In honor and celebration of Sister Jean Barbara we share her story.
As I prepared to write this reflection on the life of Sister Jean Barbara, I pondered, “How do I capture the person I have known for 62 years in about ten minutes of conversation, when I could write a book!”
I first encountered Barbara, when she was a mighty sophomore and I was a lowly freshman at Saint Patrick’s Academy in Washington, D.C. In the many years since then, I have followed her escapades—always with interest and periodically with shock. (Those of us who knew her need no explanation for what I have just said.) Her quick wit was often met with laughter and sometimes with dismay. However, in a more sobering moment, the evening before she died, she said to be sure to mention something “holy” in what I would say about her!
Perhaps I could start with acknowledging the tributes to her as a person and her ministry in Appalachia, which have truly been inspirational. I reflect as well on the genuine sorrow and grief of so many here who counted her as sister, friend and colleague.
Barbara Jean Korkisch was born in Ilion, New York, to John and Bessie Korkisch. When Barbara was in grade school, the young family moved to the Washington D.C. area where there were employment opportunities for her dad. She came to know the Sisters of the Holy Cross at Saint Patrick’s Academy, where she attended high school. Although she never wanted to be in business, she managed to do well and went onto attend Montgomery Junior College to become a dental assistant, which she practiced for two years before entering the Congregation in 1961.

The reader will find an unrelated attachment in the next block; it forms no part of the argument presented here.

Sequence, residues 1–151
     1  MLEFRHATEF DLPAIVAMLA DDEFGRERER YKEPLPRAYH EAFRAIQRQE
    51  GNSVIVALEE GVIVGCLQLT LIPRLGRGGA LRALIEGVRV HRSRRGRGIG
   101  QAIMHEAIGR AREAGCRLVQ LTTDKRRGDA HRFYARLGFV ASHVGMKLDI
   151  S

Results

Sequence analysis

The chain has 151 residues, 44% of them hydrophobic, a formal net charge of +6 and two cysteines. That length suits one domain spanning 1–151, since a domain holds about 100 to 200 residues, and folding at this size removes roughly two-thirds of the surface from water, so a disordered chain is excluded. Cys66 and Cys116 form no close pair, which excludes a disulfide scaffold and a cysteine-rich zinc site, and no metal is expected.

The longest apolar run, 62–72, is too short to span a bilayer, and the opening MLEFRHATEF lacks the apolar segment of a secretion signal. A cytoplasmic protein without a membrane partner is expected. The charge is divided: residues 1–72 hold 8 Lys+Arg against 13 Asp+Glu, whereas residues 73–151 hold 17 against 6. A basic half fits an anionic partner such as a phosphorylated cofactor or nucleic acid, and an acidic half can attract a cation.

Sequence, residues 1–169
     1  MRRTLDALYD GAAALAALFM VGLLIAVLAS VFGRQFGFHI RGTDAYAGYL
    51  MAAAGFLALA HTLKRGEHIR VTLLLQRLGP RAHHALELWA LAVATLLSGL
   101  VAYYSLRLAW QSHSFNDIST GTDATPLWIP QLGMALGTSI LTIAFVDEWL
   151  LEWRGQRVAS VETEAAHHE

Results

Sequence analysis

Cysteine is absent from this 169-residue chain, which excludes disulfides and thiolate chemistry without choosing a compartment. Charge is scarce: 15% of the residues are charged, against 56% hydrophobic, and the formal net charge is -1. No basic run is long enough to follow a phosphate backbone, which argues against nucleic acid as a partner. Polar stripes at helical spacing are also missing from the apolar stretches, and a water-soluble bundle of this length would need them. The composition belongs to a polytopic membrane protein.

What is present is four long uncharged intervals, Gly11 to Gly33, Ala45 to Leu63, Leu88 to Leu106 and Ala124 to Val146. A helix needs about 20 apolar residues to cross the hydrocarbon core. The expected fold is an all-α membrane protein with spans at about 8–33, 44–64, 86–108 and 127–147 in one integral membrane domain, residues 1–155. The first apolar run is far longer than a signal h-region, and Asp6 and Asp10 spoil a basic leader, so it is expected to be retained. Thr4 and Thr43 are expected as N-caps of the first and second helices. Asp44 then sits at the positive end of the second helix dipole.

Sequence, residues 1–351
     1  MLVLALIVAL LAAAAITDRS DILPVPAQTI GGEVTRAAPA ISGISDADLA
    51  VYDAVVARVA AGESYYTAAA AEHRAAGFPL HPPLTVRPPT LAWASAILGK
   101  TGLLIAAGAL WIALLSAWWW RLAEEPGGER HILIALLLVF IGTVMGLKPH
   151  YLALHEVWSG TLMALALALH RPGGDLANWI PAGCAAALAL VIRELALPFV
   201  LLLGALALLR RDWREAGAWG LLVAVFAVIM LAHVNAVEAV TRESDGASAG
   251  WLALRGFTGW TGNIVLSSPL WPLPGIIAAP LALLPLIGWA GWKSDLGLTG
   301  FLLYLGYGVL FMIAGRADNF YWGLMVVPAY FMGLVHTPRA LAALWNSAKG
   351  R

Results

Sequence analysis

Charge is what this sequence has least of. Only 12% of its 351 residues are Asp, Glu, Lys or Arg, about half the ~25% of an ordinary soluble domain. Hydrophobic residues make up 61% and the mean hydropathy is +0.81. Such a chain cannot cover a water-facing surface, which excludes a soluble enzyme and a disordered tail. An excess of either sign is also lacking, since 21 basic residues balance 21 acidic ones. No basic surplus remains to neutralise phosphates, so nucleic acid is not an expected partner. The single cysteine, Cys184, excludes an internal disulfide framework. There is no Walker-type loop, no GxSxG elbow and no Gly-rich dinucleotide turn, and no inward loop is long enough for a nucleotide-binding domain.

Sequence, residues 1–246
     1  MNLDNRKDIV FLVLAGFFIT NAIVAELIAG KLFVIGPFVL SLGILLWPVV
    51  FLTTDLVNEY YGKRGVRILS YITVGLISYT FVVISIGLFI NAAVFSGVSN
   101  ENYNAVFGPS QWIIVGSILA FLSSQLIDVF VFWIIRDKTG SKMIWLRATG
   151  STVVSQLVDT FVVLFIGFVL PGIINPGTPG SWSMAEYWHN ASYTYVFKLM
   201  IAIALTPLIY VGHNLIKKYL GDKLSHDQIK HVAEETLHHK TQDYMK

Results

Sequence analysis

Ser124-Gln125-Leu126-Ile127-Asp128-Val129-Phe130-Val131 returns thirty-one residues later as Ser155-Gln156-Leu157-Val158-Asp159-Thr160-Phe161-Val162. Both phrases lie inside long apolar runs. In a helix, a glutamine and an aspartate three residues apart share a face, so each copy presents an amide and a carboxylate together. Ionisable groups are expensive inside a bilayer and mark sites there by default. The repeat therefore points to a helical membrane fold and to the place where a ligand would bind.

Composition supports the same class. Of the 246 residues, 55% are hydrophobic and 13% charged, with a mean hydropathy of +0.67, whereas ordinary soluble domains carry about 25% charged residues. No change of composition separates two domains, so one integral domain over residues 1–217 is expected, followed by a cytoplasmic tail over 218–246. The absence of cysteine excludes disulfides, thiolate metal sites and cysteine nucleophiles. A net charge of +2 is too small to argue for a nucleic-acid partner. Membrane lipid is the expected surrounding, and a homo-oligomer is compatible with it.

From her early years, Barbara was always fun-loving and adventurous. During her high school years and beyond, her Studebaker convertible provided the wheels to cruise Washington, Annapolis and Edgewater Beach, where Camp Saint Vincent de Paul on the South River was located across from her grandfather’s cottage with access by boat or car. Our late-night visits to see our counselor friends, Michael Mary Nolan, Maureen Herron, Loretta Downs, Judy O’Neill and Terry O’Hare, were often met by a huge spotlight held by Sister Victoria (Diehl), CSC, director of the camp, who provided “security” for her camp residents and who doubted our intentions!
Barbara’s desire to enter the Sisters of the Holy Cross was strongly opposed by her mother. Being an only child, made her decision even more difficult. She persisted (you will see this quality demonstrated all through her life) until her mother could see that she was determined to follow her calling.
At her reception into the community, Barbara Jean Korkisch received as her religious name, Sister M. Jean Barbara. In 1964, she made her first profession of vows and in 1969, her final profession.
Being actively engaged in her ministry—working with her hands, fixing things, not being confined to an office—seemed to meet her gifts as well as respond to the needs of others. The community decided that preparation in hospitality/management would offer her skills that could be applied to overseeing the upkeep of our schools and hospitals. For twelve years, she directed the plants at the Academy of the Holy Cross in Kensington, Maryland, and Saint Mary’s Academy in Alexandria, Virginia.